When I researched the market for my memoir, I learned that according to the Archives of General Psychiatry, anxiety disorders affected more than 40 million adults over 18 each year. I studied how many people searched for key words relating to anxiety in any given month. I discovered several organizations dedicated to supporting people in overcoming anxiety. This research helped convince me that there would be a market for my book.

Once you have defined and researched your market, you can test market your book idea before spending oodles of time revising and selling the book. First, check out other books on this theme at the library, bookstore, and online. If other books on this theme have sold fairly well, that's good evidence that there is a market for your story.

Next, talk to a few booksellers at bookstores, preferably booksellers who read memoirs. Pitch your idea to them as a one or two sentence elevator speech. (Don't worry, they are not going to steal it—it's your story!) Ask them questions like: Do you see an audience for this sort of book? Is there room in the market for another book like this? What would it take to make a book like this sellable? Finally, test your idea in the real world of readers. Create a few blog posts or articles on the topic and see what kind of a reaction you get. What readers say or don't say will be valuable information for you as you write your book.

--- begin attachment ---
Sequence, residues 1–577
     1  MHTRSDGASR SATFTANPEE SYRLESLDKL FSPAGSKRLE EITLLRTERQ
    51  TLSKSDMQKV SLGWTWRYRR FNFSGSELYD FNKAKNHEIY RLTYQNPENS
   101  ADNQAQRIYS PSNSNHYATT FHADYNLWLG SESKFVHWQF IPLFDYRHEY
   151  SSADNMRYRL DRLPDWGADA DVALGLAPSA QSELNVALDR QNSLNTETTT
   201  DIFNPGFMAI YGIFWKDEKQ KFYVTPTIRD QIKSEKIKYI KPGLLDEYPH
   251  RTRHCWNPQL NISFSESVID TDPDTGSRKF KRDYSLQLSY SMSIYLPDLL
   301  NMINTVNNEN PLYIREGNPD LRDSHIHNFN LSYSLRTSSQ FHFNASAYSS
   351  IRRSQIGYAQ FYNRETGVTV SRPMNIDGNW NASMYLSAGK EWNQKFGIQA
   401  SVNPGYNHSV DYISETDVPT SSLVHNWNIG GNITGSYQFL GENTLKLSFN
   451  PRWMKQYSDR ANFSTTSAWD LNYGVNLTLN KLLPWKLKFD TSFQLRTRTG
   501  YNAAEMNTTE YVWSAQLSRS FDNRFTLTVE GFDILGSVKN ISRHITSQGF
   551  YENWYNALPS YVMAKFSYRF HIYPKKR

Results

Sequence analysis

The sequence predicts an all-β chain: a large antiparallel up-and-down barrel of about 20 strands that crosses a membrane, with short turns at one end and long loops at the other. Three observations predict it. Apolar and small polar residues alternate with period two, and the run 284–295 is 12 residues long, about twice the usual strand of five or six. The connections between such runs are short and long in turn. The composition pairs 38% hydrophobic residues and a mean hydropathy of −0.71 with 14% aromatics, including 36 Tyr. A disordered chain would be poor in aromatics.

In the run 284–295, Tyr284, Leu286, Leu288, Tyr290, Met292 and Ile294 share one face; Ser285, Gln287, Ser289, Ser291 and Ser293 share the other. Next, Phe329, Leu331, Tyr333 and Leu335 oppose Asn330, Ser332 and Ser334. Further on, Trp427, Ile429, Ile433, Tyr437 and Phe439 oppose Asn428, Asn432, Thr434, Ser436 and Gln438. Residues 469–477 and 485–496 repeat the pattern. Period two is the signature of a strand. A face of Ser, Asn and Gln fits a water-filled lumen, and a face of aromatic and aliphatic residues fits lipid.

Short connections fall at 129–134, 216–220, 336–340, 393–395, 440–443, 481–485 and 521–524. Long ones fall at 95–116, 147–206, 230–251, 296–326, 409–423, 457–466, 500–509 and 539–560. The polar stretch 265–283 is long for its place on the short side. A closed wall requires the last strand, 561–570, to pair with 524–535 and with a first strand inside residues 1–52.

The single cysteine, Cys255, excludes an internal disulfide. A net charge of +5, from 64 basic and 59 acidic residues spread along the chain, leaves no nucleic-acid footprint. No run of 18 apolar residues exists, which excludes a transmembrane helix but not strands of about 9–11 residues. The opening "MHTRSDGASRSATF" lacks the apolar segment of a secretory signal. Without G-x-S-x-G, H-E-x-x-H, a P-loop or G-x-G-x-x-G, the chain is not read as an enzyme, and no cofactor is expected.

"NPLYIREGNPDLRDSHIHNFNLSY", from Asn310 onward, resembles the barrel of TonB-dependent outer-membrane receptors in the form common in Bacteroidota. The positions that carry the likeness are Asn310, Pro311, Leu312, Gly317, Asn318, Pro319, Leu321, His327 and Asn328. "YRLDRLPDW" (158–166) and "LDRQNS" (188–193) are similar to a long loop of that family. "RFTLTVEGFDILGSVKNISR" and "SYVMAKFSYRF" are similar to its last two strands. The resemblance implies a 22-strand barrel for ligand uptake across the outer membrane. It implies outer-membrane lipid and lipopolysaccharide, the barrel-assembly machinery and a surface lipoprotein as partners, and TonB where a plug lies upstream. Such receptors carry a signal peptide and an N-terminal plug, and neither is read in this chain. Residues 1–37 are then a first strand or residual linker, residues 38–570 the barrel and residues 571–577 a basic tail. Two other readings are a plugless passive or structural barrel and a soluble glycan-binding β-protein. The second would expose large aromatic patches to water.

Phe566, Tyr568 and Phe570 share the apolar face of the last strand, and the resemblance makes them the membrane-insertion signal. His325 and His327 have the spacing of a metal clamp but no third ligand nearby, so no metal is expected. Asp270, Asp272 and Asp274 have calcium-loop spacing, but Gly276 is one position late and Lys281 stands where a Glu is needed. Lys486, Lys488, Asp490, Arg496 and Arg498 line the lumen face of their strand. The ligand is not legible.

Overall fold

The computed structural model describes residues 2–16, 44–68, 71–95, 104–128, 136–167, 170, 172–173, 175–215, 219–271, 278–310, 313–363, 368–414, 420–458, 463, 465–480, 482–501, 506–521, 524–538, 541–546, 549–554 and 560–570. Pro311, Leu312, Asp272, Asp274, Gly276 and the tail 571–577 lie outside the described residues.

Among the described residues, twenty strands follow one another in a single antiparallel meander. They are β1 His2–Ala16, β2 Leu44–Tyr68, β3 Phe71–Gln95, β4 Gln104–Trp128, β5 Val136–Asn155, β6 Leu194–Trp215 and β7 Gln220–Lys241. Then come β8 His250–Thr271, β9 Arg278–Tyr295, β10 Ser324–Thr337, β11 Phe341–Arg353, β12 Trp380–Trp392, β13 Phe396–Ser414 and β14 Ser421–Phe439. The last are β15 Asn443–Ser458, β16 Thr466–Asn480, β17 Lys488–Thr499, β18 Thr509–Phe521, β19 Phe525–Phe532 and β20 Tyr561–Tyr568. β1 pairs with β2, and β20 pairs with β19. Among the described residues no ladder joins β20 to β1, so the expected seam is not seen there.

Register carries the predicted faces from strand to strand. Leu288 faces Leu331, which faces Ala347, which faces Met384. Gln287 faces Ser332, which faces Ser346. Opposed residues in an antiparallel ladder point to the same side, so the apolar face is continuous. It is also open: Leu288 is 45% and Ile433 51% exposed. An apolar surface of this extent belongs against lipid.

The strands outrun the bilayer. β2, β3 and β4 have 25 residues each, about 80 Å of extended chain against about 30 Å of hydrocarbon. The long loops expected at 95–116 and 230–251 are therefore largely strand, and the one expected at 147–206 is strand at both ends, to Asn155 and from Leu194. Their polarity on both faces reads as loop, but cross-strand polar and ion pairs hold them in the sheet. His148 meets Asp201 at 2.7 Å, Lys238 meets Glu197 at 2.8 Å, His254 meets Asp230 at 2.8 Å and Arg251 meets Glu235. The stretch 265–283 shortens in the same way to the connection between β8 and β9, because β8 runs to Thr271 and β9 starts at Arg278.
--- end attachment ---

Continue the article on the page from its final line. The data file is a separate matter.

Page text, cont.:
Am I willing to commit the time?

In the writing world, I'm known for writing books fast. (My latest book teaches people how to write a book in 26 days!) I wrote my memoir in just under three months. But that's not the whole story: those three months of drafting the memoir were built on years of journaling, creating and revising narrative timelines, and drafting chapters. In between attempts to write the book, I researched the form and the market, reading hundreds of memoirs. If I decide I want to pursue publication, I have no doubt that I have more writing and revising time ahead of me as well as creating a query letter, synopsis, and submitting the book to editors.